2. ^ Mitchell S. Sommers, an associate professor of psychology in Arts & Sciences at Washington University in St. Louis's Results. [1]
  3. ^ Horvath, F. "Detecting deception: the promise and the reality of voice stress analysis." Journal of Forensic Science. 1982 Apr;27(2):340-51. PMID 7047675
  4. ^ Tavris & Aronson, Mistakes were made, Ch. 5
  5. ^ Assessing the Validity of Voice Stress Analysis Tools in a Jail Setting, Kelly R. Damphousse ; Laura Pointon ; Deidra Upchurch ; Rebecca K. Moore
  6. ^ STUDY OF THE UTILITY AND VALIDITY OF VOICE STRESS ANALYZERS, Virginia for Professional and Occupational Regulation, 2003
  7. ^ Brenner, M., Branscomb, H., & Schwartz, G. E. (1979). Psychological stress evaluator: Two tests of a vocal measure. Psychophysiology, 16(4), 351-357: "Validity of the analysis for practical lie detection is questionable"
  8. ^ Cestaro, V.L. (1995). A Comparison Between Decision Accuracy Rates Obtained Using the Polygraph Instrument and the Computer Voice Stress Analyzer (CVSA) in the Absence of Jeopardy. (DoDPI95-R-0002). Fort McClellan, AL: Department of Defense Polygraph Institute. "Accuracy was not significantly greater than chance for the CVSA."
  9. ^ DoDPI Research Division Staff, Meyerhoff, J.L., Saviolakis, G.A., Koenig M.L., & Yourick, D.L. (In press). Physiological and Biochemical Measures of Stress Compared to Voice Stress Analysis Using the Computer Voice Stress Analyzer (CVSA). (DoDPI01-R-0001). Department of Defense Polygraph Institute. "Direct test of the CVSA against medical markers for stress (blood pressure, plasma ACTH, salivary cortisol) found that CVSA examiners could not detect known stress. This project was a collaborative effort with Walter Reed Army Institute of Research."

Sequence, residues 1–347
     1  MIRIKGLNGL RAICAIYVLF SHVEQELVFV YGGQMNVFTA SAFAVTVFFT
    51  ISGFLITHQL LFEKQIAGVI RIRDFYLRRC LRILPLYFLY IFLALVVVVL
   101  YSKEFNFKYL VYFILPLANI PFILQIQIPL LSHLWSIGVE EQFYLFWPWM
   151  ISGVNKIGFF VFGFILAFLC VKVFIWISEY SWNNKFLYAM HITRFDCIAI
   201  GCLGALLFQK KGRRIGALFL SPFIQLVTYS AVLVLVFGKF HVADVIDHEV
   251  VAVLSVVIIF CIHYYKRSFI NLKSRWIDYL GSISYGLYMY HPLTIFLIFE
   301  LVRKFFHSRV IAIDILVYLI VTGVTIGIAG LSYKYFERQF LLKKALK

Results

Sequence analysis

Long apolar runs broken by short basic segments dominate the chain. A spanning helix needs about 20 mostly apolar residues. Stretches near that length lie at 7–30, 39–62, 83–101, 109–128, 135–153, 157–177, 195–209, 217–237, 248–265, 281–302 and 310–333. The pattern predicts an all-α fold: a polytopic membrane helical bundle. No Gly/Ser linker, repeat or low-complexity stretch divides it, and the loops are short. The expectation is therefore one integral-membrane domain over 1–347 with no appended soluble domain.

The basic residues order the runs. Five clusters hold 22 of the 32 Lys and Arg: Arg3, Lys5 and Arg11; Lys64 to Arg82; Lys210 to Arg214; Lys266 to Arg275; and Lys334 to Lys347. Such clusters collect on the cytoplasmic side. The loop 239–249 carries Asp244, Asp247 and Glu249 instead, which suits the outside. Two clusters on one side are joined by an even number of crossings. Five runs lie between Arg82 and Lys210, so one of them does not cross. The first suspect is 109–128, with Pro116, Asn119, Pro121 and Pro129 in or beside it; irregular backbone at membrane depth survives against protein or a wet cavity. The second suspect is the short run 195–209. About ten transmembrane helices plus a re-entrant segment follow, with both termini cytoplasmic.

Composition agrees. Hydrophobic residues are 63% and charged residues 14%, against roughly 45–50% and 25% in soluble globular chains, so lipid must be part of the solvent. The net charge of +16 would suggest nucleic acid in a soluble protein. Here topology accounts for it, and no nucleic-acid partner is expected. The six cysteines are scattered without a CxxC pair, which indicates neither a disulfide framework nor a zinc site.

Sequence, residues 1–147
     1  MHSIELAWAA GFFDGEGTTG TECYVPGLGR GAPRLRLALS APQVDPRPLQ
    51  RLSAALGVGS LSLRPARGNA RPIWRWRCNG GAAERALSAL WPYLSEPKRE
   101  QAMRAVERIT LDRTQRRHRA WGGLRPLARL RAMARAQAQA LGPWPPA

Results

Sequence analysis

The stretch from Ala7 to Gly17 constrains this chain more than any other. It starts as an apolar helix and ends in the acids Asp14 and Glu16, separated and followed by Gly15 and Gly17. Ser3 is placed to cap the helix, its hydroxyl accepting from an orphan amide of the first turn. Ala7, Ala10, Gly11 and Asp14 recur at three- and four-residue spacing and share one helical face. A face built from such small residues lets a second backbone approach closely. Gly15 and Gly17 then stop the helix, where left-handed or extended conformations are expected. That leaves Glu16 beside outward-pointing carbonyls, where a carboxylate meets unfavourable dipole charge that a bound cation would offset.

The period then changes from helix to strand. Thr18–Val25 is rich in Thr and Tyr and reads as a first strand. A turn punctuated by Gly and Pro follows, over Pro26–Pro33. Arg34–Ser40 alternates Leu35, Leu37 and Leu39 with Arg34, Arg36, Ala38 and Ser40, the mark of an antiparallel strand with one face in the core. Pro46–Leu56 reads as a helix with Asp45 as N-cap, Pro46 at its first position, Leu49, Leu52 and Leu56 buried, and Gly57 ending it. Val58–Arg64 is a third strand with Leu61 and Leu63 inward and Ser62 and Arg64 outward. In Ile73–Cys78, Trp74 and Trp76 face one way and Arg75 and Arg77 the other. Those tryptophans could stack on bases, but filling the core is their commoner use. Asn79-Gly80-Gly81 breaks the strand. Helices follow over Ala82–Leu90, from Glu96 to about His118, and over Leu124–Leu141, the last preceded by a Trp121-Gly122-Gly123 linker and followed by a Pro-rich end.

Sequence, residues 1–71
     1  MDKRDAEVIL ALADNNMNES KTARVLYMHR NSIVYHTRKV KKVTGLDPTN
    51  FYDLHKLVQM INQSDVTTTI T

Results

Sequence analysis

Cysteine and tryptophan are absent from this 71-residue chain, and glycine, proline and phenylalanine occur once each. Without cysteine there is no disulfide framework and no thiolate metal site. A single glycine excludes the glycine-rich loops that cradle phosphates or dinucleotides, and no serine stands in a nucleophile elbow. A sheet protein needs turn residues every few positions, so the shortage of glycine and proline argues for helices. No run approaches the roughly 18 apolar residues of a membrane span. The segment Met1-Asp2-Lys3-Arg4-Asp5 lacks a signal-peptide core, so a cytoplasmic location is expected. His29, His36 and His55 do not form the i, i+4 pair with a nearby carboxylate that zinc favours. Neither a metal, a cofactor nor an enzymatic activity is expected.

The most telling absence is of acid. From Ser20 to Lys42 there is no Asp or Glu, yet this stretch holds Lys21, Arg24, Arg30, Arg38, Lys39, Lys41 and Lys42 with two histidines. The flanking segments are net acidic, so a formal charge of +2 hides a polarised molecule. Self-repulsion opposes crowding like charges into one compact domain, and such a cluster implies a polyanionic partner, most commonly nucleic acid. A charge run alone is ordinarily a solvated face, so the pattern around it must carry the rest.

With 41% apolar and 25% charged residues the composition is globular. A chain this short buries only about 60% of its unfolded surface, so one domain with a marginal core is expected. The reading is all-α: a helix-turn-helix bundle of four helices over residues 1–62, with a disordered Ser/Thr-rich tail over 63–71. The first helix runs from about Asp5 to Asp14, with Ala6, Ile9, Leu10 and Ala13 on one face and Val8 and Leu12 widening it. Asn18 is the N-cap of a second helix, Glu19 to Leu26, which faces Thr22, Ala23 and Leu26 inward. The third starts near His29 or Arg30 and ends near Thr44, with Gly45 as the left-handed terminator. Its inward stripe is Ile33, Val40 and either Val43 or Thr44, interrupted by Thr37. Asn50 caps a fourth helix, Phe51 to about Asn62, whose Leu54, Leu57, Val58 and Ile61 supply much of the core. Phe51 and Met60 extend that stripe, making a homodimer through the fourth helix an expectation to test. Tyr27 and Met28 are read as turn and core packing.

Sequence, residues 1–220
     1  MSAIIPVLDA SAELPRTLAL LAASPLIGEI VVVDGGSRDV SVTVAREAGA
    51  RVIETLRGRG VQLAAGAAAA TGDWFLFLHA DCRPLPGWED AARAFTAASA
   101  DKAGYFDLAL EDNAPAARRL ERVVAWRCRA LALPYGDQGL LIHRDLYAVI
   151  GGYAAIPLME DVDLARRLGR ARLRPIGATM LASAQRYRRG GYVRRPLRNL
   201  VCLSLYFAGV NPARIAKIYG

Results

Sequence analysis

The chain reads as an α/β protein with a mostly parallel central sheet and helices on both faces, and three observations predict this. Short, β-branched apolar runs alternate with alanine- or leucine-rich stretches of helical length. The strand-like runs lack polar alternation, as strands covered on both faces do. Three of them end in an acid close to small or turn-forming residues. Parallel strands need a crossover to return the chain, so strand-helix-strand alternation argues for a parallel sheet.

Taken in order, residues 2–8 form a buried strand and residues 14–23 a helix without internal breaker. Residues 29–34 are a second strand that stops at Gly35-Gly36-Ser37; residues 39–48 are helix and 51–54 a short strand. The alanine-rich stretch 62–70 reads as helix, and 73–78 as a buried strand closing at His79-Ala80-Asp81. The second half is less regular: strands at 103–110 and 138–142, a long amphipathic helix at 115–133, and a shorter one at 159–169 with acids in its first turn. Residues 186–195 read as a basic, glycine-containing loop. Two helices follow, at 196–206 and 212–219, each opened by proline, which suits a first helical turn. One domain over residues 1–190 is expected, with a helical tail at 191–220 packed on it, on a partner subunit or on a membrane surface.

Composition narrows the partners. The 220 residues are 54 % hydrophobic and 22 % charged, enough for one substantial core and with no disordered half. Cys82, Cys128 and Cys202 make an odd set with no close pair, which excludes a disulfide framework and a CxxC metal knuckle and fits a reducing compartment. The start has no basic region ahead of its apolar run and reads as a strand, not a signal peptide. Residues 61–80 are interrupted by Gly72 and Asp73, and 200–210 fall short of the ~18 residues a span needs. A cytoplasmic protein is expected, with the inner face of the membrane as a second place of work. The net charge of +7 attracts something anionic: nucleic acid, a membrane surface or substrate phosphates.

10. ^ Fuller, B.F. (1984). Reliability and validity of an interval measure of vocal stress. Psychological Medicine, 14(1), 159-166: "Validity of voice stress measures was poor."
  11. ^ Janniro, M. J., & Cestaro, V. L. (1996). Effectiveness of Detection of Deception Examinations Using the Computer Voice Stress Analyzer. (DoDPI95-P-0016). Fort McClellan, AL : Department of Defense Polygraph Institute. DTIC AD Number A318986. "Chance-level detection of deception using the CVSA as a voice stress device."
  12. ^ Hollien, H., Geison, L., & Hicks, J. W., Jr. (1987). Voice stress analysis and lie detection. Journal of Forensic Sciences, 32(2), 405-418. "Chance-level detection of stress. Chance-level detection of lies."
  13. ^ Suzuki, A., Watanabe, S., Takeno, Y., Kosugi, T., & Kasuya, T. (1973). Possibility of detecting deception by voice analysis. Reports of the National Research Institute of Police Science, 26(1, February), 62-66. Conclusion: Voice measures were not reliable or useful.